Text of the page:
1994 Petaluma Coonawarra -  At 21 years of age this has retained an impressive level of primary fruit that is present from the tip of the tongue through to the long finish. Blackcurrant mainly. Adding savoury complexity are notes of red earth and black olive. There’s a bit of regional mint/eucalypt but it’s in no way dominant and plays its part in a complex whole. What’s really impressive moreover, are the prominent tannins that really help shape and finish off the wine. There was a little bit left in the bottle on day 2 and it continued to drink impressively well. It’s in a real sweet spot now where it offers a great aged Cabernet drinking experience, but still has the stuffing to drink well over the next 5-10 years. 94 points
1994 Chateau Leoville Poyferre – What enthrals me with this wine is the tightrope it walks between power and elegance. The entry onto the palate is supple and subtle before building to great mid palate intensity, which then tapers into a focused and savoury finish. It's the kind of structure that marks it out as a great wine. Classic cassis and cigar box flavours. Gravel is also a signature, both in terms of the bouquet as well gravelly minerality through the long finish. Fantastic to drink and wonderful to see it weigh in at only 12.5% alcohol. It's a wine that ultimately could only be Bordeaux and would never be confused as anything else.  As with the Petaluma, it gives great enjoyment now but will age over the next decade without a second thought. 96 points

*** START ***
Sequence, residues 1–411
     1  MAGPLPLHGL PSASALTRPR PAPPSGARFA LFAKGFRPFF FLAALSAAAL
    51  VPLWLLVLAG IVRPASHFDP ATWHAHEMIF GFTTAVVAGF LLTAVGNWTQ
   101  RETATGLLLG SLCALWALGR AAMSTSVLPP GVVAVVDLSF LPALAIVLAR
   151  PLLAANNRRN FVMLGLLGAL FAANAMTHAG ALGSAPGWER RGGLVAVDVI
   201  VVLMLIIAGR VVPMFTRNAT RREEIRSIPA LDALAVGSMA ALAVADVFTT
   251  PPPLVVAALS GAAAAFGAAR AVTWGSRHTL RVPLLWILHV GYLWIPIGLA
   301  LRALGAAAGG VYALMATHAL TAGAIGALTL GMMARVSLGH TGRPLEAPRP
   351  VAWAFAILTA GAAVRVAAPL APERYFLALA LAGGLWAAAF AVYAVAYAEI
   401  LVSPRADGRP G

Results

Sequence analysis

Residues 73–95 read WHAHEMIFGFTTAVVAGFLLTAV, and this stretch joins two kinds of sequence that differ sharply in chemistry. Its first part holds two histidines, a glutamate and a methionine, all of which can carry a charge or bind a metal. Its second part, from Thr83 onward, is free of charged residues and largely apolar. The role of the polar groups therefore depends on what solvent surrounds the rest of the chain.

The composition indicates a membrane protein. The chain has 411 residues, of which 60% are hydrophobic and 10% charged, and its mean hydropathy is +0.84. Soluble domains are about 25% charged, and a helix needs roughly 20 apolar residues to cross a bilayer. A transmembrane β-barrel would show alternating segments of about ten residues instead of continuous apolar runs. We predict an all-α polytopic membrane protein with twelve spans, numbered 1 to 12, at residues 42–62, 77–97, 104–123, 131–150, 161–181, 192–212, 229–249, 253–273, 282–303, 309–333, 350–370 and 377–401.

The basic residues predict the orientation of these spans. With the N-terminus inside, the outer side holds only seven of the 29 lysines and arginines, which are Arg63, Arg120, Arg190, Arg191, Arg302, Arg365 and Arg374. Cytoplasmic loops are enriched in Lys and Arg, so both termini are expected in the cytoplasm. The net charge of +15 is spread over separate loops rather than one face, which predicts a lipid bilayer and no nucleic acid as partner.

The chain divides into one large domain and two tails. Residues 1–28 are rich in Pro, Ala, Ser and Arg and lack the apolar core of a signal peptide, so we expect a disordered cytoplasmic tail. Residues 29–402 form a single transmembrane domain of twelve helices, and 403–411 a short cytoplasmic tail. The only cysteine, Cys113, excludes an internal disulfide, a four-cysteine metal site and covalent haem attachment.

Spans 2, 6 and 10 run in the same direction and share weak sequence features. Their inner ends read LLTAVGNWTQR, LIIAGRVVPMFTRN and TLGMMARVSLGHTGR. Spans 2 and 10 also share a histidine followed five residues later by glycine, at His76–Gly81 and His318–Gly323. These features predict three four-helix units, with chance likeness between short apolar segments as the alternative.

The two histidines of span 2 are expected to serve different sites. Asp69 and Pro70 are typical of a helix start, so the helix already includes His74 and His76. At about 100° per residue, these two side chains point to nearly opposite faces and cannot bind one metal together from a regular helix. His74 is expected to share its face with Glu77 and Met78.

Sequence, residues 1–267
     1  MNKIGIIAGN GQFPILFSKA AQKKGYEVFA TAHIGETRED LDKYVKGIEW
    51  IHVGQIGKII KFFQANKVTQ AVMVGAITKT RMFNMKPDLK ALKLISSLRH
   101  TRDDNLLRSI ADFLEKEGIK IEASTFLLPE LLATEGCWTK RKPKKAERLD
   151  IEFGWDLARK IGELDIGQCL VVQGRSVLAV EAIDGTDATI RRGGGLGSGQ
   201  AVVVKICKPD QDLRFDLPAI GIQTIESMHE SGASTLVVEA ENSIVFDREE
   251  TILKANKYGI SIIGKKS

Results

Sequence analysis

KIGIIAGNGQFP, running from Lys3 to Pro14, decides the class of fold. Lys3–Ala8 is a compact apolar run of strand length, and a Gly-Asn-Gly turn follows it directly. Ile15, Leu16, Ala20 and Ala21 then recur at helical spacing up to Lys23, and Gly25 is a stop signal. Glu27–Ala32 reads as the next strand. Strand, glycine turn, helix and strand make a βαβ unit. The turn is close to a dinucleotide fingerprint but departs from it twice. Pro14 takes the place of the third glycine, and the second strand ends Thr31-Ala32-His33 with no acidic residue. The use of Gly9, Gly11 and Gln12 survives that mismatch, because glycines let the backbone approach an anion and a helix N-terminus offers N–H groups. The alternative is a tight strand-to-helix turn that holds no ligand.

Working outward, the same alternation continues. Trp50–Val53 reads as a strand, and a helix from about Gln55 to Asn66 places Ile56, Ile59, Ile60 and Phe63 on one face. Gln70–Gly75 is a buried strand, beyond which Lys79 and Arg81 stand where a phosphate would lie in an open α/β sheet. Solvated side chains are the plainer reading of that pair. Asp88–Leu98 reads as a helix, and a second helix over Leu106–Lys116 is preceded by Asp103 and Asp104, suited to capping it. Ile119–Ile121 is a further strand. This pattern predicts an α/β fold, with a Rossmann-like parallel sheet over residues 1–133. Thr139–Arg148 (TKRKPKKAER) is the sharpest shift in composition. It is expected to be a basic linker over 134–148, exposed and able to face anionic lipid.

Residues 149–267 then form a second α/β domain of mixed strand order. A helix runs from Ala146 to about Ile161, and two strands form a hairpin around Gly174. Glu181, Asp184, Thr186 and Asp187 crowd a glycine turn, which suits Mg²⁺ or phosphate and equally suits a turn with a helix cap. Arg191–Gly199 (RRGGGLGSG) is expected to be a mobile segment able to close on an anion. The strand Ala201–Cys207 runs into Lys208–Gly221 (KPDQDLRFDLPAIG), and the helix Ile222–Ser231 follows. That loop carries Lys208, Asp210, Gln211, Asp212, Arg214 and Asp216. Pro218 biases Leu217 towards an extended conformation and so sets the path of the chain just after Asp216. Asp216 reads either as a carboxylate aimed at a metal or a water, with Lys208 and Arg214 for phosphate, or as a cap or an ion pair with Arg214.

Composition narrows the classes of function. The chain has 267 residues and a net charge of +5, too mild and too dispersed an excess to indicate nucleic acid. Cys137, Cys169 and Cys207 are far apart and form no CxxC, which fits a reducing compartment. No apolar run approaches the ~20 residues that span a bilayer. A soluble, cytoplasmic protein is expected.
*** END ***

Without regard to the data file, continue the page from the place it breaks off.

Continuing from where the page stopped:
In the end the Bordeaux was the preferred wine on the night, showing a class that is rare in the world of wine. That being said the Petaluma is a great wine in its own right and is testament to the ageworthiness and quality of the marque and Coonawarra Cabernet more generally.



Wednesday, April 15, 2015

2012 Krondorf growers Barossa Shiraz

Krondorf Growers Barossa Shiraz 2012
This wine from the Cellermasters stable has a nose with pretty hefty vanilla oak, intermixed with ripe, dark/black fruits. 
Fruity and mouth filling, with mulberry blackberry and some stewed black plum supported by soft tannins, slight aniseed notes and mixed spice. Finishes sweet, and the alcohol heat is in balance with the hefty fruit. For sub-$20 a nice smooth, fruity and powerful wine that is not subtle, but with elements in balance. On day two of tasting, this wine had developed nicely and should be drinking well for several years.

ABV: 14.5%
RRP: 17-18
Rating: 88pts

Wednesday, April 8, 2015

2007 Domaine Epis Pinot Noir (Macedon)


I've long wanted to taste an Domaine Epis Pinot Noir, but for some reason only just got around to it the other day. The Pinot Noir that Alec Epis and his former winemaker Stuart Anderson have made over the years have garnered plenty of praise. Furthermore, I'm a fan of Pinot Noir from the Macedon Ranges with Bindi and Curly Flat two standouts. When I saw a few bottles of the 2007 Epis Pinot at auction at a reasonable price I decided it was time to scratch this longstanding itch.